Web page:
Wargaming Tradecraft: Painting the Mountain King's Skin


Painting the Mountain King's Skin

Today I'm going to demonstrate the number 1 question I received during the Mountain King project - How I painted his skin.

There were a lot of steps to it, but I'll show the ones that stand out. Most of the photos are hi-res so you can click them to get a more detailed view.

Overall, it basically came down to:

- Stippling with a sponge.
- Airbrushing.
- Painting deep shadows.
- Highlighting with weathering powders.
- Shading subtle shadows.
- Varnish.

Stippling his whole body.
Stippling with a Sponge
(Adding Texture)

I've demonstrated Stippling before, so I won't go into too much detail on the technique.

I blotched all the skin on his body using a sponge, beginning with white paint and thicker spots. Then, layered over and over moving to light then darker greys.

I used some fluid retarder to increase drying times so that as I moved to other layers, the greys would blend together.

Because of his size, paint could dry too fast for blending. Instead of working 1 colour at a time, you could work by section. (Stipple every colour on his chest, then his left arm, then right, etc.) This would keep paint tacky. Avoid temptation to dab paint on too thick - you don't want 3D polka dots sticking out of his skin.
Stippling close up of his right shoulder.

Airbrushing the Skin
(Adding Depth)

Stippling only adds texture to the skin. (Look at your arm - see the pores, wrinkles, colour variation, etc.) I used my airbrush to perform the highlights. This time I started with darker greys and layered up to lighter ones.

I've focussed on areas that are raised and visible. As you get under his arm, around his lower back, undersides of muscles, etc, I left it darker. Didn't worry about overspray at this point because I'll be repainting the stones later.

Deepening the darkest shadows
Painting Heavy Shadows

At this stage I want to deepen the really strong shadows before highlighting. I used a slightly thinned black paint to help the paint flow into the areas.

Paint every deep crevice around the stones jutting from his skin, all the large wrinkles, the chains, his collar, etc, but not the little wrinkles. I did it this way because it's easier to paint deep areas now, than risk having to fix the highlight after.

You'll also notice that "softer" skin areas like around his eyes, cheeks and other places have been given a brown tint. This is like how some of our skin gets different shades in certain areas.

Highlighting with pigments.
Pigment (Powder) Highlights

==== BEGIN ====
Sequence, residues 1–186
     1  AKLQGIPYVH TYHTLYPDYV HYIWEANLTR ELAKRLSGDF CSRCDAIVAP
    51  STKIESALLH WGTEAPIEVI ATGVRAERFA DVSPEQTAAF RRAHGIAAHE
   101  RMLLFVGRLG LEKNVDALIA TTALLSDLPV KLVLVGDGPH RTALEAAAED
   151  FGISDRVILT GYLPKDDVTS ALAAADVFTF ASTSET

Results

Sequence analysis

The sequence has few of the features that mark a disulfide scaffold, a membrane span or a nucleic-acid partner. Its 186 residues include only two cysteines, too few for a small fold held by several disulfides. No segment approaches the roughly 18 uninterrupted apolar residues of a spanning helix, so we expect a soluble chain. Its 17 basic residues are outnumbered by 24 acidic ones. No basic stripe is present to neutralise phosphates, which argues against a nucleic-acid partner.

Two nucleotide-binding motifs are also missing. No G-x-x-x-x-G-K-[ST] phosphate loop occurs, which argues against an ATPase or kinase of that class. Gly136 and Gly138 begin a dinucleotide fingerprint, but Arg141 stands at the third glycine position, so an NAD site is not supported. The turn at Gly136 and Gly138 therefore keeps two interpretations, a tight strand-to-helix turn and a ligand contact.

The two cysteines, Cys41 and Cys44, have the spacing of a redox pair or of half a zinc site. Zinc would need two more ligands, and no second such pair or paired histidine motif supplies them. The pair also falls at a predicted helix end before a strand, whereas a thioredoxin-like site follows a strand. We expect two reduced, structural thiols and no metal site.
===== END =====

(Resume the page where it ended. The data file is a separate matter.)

For the highlights, I did soft blending over the large areas by gently rubbing pigments (Also known as weathering powder.) into his skin.

Like while airbrushing, I focused on highlighting just the raised areas with white pigment and didn't do much to highlight the darker areas. Used some grey pigment in the shadows though.

Because of the pigments, the skin ends up with some really nice highlights. Right now, it looks a little strong and hides some of the stippling - that's OK. Once he's varnished, pigment will soften and details will show through.

Shading wrinkles
Shading the Details

To recap, I had the base, painted some really dark shadows, then highlighted everything.

In this step, I'm shading all the little subtle details. Every crack, crevice and wrinkle. I've used a black wash like it was paint - just finely painting it in spots with a detail brush instead of applying it thick and broadly like you normally would with a wash.

Remember, pigments are powders and when mixed with liquids, are basically just paint. When washing shadows into wrinkles, the absorbed wash ends up blending down the pigments.

Varnished with Satin spray hardcoat, then a Matte airbrush dullcoat.

This is another thing that pigments absorb, which will change the look of all the subtle blending you've done with powder.

As pigment is liquified by varnish, it thins and blends over the entire miniature.

Layering provides great blending and merging of detail. Much of the stippling and detail done before the pigment phase shows through after varnishing - softer and more natural looking.

Left: Pigmented with bold highlights,
Right: Varnished with a softer uniform appearance
Don't spray the varnish too thick - you don't want a the powder turning into a runny wash. This will cause pigment highlights to run into shaded areas and weathering in crevices to wash away.

"Damned if you do, Damned if you don't."

If you don't varnish, every time you handle the model you'll get powder on your hands.

As a show model, you could get away with not varnishing if you're worried about the impact it'll have on the final look of your model or how it'll change all your work. If the mini is going to be handled and used to game with, you really want to varnish.

It certainly changed the look of the King, but I wouldn't say for the worse.

* Note, I varnished the king once all the painting was done, but before adding all the plantlife and liquid effects.


  1. Great walk through.

    It's always cool to see how many steps are actually involved in a process; almost always far more than you'd think. Often it seems like the next step (in general), undoes previous work but really it's those layers and process that pulls it all together into a great end result.

    1. Often it does... but yes, the sum of all the layers adds a level of realism to the whole.

  2. Stunning work! Love the step by step, and appreciate the time it took to take and organize those photos!

    1. Thanks :) It is taking quite a while to put all this together, but glad to hear the appreciation.


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